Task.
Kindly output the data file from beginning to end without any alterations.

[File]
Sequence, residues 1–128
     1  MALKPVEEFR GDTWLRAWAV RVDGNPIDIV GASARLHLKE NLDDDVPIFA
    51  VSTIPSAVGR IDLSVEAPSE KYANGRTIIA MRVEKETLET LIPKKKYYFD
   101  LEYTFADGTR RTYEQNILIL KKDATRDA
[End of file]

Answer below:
Sequence, residues 1–128
     1  MALKPVEEFR GDTWLRAWAV RVDGNPIDIV GASARLHLKE NLDDDVPIFA
    51  VSTIPSAVGR IDLSVEAPSE KYANGRTIIA MRVEKETLET LIPKKKYYFD
   101  LEYTFADGTR RTYEQNILIL KKDATRDA